1Fergusson, James. Rude Stone Monuments in All Countries Their Age and Uses. London: J. Murray, 1872. 1-2.

2Fergusson 27.

3Molyneux, Thomas, and Gerard Boate. A Natural History of Ireland in Three Parts. Dublin: George Grierson, 1726. 189-90.
To some, it was inconceivable that the Irish, seen by these observers to be little more than savages, could have had ancestors in prehistory capable of constructing such sophisticated monuments as the passage tombs.

4Burl, Aubrey. A Guide to the Stone Circles of Britain, Ireland and Brittany. New Haven: Yale UP, 2005. 242.
The Shell Guide to Ireland (1967), and Harbison's Guide to the National and Historic Monuments of Ireland (1992) also refer to the monument as a "stone circle." According to "TomFourwinds," (Megalithomania) the confusion may have originated with the 1840 OS maps. where the monument was labeled "Stone Circle."

5Daniel, Glyn Edmund. The Origins and Growth of Archaeology. New York: Crowell, 1968. 33.
Stukeley, for all his eccentricities—he considered himself the "Chief Druid" of his circle—was actually a careful and skilled field worker.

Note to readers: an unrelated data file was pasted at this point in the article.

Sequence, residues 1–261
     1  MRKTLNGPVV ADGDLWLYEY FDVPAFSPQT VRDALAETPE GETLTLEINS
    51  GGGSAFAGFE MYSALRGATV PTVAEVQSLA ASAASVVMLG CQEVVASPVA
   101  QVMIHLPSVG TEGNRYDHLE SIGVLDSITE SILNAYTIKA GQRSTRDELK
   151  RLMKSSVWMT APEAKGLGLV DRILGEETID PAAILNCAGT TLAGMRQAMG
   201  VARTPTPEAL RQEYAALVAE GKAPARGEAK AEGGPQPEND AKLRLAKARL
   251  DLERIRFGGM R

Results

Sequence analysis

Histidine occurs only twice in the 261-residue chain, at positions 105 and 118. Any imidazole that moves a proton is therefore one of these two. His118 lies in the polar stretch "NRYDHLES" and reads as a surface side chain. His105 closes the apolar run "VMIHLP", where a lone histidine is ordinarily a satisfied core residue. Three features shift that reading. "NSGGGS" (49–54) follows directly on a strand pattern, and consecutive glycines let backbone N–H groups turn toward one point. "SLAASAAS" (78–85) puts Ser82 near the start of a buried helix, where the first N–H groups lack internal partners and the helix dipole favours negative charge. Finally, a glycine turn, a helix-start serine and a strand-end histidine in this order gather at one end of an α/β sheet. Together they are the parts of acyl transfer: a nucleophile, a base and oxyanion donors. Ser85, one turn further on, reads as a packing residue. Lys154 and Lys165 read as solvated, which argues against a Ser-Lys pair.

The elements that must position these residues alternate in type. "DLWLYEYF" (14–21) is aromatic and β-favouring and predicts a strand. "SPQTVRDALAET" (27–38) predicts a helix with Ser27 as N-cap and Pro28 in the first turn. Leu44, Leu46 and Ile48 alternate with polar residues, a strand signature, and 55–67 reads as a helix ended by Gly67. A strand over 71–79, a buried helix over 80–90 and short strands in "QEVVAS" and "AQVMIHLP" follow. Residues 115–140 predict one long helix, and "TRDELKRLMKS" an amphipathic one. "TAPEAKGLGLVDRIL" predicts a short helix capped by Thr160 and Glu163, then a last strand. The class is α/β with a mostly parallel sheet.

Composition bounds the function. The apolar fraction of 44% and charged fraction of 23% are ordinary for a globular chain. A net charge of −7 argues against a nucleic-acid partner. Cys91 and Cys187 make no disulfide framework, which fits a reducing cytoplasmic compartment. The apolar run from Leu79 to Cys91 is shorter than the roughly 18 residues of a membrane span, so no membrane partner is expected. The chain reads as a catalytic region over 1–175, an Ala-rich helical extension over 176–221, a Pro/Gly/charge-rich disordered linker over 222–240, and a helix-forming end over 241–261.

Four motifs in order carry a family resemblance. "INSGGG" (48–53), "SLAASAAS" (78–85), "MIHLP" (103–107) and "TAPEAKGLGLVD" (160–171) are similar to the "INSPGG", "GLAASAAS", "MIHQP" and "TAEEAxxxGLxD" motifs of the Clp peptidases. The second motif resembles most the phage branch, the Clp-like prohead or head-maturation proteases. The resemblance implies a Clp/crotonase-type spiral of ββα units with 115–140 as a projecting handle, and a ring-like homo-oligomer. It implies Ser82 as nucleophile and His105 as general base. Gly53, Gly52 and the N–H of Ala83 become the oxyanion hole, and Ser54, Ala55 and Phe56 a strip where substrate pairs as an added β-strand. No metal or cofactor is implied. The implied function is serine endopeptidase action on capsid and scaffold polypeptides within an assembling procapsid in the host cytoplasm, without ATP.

6Vance, Rob. Secret Sights: Unknown Celtic Ireland. Dublin: Gill & Macmillan, 2003. 133.

7"County Mayo - Selected Monuments." Irish Megaliths: Field Guide & Photographs by Anthony Weir. Web. 29 Sept. 2011. <http://www.irishmegaliths.org.uk/mayo.htm>.
According to the author, "The site with fine views has been ruined by the usual hideous bungalow plonked right beside it."

8"Rossport Five." Wikipedia, the Free Encyclopedia. Web. 29 Sept. 2011. <http://en.wikipedia.org/wiki/Rossport_Five>.
See also: http://en.wikipedia.org/wiki/Shell_To_Sea

9"Corrib Gas Pipeline: Environmental Impact Statement." Web. 29 Sept. 2011.
The "non-technical summary" of the EIS may be read here.